The glittering shop-fronts and designer emporiums of the Champs-Elysées and the world-renowned Galeries Lafayette department store might be top of the itinerary for shoppers in Paris, but some of the city’s most atmospheric shopping arcades are hidden from view down the side streets. Paris’ Passages Couverts (“Covered Passageways” or “Les Arcades”) date back to the early 19th century, when some 150 such shopping arcades sprung up around the city, fast becoming the place to be seen for affluent Parisians.
Archive | Walking Tours RSS feed for this section
Explore North Carolina’s eerie history on a Haunted Asheville Ghost Tour.
The town of Swakopmund, Namibia was established as the main port for what was once German Southwest Africa in the early 1900s. During colonial times, the 12 native tribes of the area were moved to areas of the city called townships, where many still live today. In order to understand these integral parts of the city and Namibian culture, we decided to take a tour of the Swakopmund townships.
To learn about the city we took a Food Tasting and Cultural Walking Tour on our first day in Sofia–which proved to be the perfect introduction. We set out to spend three hours sampling Bulgarian cuisine and discovering the layers of this fascinating city.
When the city of Savannah was first established in 1733, the entire area was free of lawyers, liquor, slaves and Catholics. I pondered this bit of historical trivia while strolling the cobbled streets, sipping on a Chatham Artillery Punch made with seven types of booze. Savannah’s original liquor law, it turns out, only lasted for nine short years. Today, the entire Savannah historical district is completely open-container — meaning anyone with a single, plastic cup can legally carry up to 16 ounces of liquor out on the street.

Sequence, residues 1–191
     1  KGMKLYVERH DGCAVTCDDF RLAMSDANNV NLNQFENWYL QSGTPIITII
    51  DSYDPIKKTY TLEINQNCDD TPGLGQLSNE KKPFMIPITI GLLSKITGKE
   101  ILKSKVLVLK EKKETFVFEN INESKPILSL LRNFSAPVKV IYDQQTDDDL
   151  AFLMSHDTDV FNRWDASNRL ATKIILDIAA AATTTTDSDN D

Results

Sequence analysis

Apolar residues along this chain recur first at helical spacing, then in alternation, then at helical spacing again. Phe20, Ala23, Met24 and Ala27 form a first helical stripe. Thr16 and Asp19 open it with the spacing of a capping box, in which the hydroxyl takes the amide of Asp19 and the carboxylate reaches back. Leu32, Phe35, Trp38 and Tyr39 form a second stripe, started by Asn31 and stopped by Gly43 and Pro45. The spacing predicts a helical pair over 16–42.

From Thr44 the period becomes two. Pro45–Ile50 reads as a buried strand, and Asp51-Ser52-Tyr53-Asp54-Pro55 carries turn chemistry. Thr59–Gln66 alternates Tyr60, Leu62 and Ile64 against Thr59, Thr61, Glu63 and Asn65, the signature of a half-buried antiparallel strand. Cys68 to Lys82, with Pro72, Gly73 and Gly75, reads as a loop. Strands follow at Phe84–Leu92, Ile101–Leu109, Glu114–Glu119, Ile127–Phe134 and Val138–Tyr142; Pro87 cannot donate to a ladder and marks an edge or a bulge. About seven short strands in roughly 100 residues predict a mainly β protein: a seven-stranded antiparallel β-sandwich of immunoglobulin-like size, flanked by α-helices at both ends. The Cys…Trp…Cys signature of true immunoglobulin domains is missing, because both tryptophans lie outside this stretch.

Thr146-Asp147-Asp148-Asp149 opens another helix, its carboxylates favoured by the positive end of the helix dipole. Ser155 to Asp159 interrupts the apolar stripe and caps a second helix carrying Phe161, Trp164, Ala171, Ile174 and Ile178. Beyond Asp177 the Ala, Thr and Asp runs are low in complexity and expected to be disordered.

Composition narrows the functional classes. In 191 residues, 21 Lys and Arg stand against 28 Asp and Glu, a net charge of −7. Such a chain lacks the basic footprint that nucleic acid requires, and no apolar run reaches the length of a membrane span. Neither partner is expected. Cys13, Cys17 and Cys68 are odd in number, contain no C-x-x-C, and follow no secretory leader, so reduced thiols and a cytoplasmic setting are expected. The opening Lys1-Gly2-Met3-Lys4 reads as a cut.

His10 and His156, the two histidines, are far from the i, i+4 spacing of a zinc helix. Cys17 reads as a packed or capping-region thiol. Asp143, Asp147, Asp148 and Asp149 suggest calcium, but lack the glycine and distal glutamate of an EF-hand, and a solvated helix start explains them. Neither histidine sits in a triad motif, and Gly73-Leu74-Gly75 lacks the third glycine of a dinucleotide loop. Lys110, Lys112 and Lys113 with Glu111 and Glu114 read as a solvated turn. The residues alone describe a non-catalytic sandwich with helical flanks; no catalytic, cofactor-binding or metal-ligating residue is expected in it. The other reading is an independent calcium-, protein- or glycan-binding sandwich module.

While the potent punch was originally poured in the confines of Tondee’s Tavern, I find myself swilling the drink en route to Scottish-themed Molly Macpherson’s. The pubs, respectively, are stops two and three on a culinary, cultural walking tour of Savannah’s historic district — which, aside from stopping at seven eateries from bakeries to beehives and bars, also offers tasty morsels of Savannah’s early history.
Like most tourists who visit Estonia, I arrived via the two-hour boat from Helsinki, located just 85kms across the Bay of Finland. I only had a day and a half in the capital city, so a combination bus and walking tour or Tallinn seemed like the perfect way to make the most of my time checking out the city’s major sights.
“A commissioned piece of graffiti on your home can actually raise the value of your home in Buenos Aires,” she says in a factual manner. As my brain catches up with my ears, I interrupt our guide and say, “What, can you repeat that last part about increasing the value of your home?”
While I don’t think you can go wrong exploring any of the Tokyo neighborhoods, I opted for a tour because it would give me a chance to take a look at the modern side of the city. The tour lasts about three and a half hours and covers a couple miles on foot. It’s not a strenuous walk, but be prepared with comfy shoes and a bottle of water.
Before I saw the Vatican for myself, I’d imagined it as merely a cavernous maze of churches festooned with angels and weeping saints. But now that I’ve taken the Skip the Line: Vatican Museums Walking Tour including Sistine Chapel, Raphael’s Rooms and St. Peter’s Basilica, I see the Vatican as home to one of the most amazing, impressive and extensive collections of artistic endeavor on the face of the Earth.
The tour meets up close to the Colosseum, a building that continues to be so emblematic of everything Roman. Our spirited young guide first makes sure that our radios are working and then takes us past long queues of waiting tourists, so the skip the line really is true. You cannot but be overwhelmed by the ancient enormity of the place and while your eye takes in various details the guide is full of anecdotes about the various rooms, arches, carvings etc. Outlining how the seating was arranged, why there was a need for a Vomitarium and just how cozy and social the lavatories were.